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United Airlines Updates Flight Delay Compensation Policy

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United Airlines has updated its flight delay compensation policies to include not proactively awarding customers refunds for delays of less than six hours.

The changes were announced through an internal memo sent to United employees and obtained by Skift, which read, “When situations arise, and they warrant compensation outside of this guideline, do the right thing to take care of the customer.”

“With the ongoing enhancements within the In-the-Moment Care app, you can issue compensation on the spot, recover service disruptions, and avoid sending the customer to a website or service desk,” the memo continued.

United confirmed the changes to TravelPulse and released an official statement.

“This policy empowers our employees to make more personalized service decisions for our customers when a disservice occurs,” a United spokesperson said. “We will continue to analyze feedback on our policies and further invest in approaches that are most appreciated by our customers.”

The airline added the change of policy covers delays where United is at fault, such as flight crew shortages or mechanical problems. The procedures were designed to provide employees the chance to provide tailored compensation instead of a blanket voucher.

United isn’t the only company to implement changes to its flight delay compensation policies, as Delta Air Lines, American Airlines and other airlines have also recently implemented similar procedures.

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Airlines Scaling Back On Some In-Flight Services Due to Coronavirus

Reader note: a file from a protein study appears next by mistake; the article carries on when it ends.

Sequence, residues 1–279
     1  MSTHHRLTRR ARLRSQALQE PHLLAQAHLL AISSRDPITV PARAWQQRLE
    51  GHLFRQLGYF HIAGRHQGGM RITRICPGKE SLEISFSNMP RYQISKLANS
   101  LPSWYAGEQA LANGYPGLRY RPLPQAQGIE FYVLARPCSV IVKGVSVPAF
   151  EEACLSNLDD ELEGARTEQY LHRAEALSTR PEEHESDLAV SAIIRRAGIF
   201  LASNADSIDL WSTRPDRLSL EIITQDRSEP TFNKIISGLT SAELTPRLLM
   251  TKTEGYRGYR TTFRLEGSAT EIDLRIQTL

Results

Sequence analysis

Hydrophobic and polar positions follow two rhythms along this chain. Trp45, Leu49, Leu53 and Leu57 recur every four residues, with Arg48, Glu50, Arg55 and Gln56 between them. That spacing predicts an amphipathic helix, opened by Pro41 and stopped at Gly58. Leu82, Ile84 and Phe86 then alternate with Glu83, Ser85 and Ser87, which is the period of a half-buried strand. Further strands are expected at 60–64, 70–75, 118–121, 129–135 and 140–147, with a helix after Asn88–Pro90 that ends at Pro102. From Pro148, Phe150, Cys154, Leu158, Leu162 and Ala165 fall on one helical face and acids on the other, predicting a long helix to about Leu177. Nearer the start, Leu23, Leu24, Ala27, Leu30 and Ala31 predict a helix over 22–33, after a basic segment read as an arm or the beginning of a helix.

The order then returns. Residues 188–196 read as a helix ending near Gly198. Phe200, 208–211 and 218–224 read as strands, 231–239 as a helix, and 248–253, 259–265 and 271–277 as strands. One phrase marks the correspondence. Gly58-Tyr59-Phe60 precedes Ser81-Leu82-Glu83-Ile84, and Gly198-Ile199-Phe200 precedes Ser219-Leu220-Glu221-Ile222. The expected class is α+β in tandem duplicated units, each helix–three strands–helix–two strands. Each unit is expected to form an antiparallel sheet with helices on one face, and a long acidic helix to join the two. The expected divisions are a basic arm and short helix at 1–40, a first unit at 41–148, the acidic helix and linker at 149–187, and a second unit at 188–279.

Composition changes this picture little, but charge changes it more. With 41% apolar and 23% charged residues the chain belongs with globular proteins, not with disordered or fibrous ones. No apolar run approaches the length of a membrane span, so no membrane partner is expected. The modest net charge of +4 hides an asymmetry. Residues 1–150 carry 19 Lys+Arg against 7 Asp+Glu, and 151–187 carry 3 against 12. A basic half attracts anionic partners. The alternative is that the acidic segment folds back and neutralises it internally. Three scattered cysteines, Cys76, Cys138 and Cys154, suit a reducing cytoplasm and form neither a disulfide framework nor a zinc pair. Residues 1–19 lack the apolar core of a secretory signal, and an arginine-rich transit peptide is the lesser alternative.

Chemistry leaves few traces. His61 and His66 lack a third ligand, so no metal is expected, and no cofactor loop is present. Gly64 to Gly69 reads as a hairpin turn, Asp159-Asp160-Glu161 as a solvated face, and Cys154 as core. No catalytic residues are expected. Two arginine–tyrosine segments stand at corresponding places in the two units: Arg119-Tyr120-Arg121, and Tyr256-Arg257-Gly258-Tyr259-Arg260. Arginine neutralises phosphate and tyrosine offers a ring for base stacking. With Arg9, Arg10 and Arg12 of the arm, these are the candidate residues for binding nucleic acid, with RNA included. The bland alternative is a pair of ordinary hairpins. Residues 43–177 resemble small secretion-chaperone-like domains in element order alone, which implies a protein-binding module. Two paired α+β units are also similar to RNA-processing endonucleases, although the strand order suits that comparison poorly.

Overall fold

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A few airlines, including those already affected by the coronavirus outbreak, have begun scaling back on some in-flight services as a way to help fight the virus.

The Points Guy writes that Singapore Airlines – obviously based in Asia, where the coronavirus has been most dangerous after originating in China – recently sent its frequent fliers an email about such changes.

Singapore advised its customers that some in-flight amenities will be discontinued, such as hot towel service, after-takeoff drink service, removal of reading materials from seat-back pockets, and suspension of in-flight sales.

Henry Harteveldt, president of Atmosphere Research, said that Chinese and Taiwanese carriers have taken similar precautionary steps based on government guidance, including removing pillows and blankets on some flights.

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“They’re changing their cabin service procedures, so the passengers will notice this,” Harteveldt told The Points Guy.

But Harteveldt also remained optimistic that passengers wouldn’t pitch a fit given the circumstances.

“Passengers will accept (the reduction in services) because they’re being done in the interest of health and wellness,” he said.

As the virus, now known as covid-19, continues to expand globally, it remains to be seen if other airlines – including those based in the U.S. who offer international travel – adopt the same practice.

The aviation industry is quite often a copycat business, so it wouldn’t be surprising to see some similar changes put into place.

“As adults, we have to be logical and rational when we experience these inconveniences,” Harteveldt told The Points Guy. “This isn’t cost-cutting, this isn’t random, this is in the best interest of public health.”

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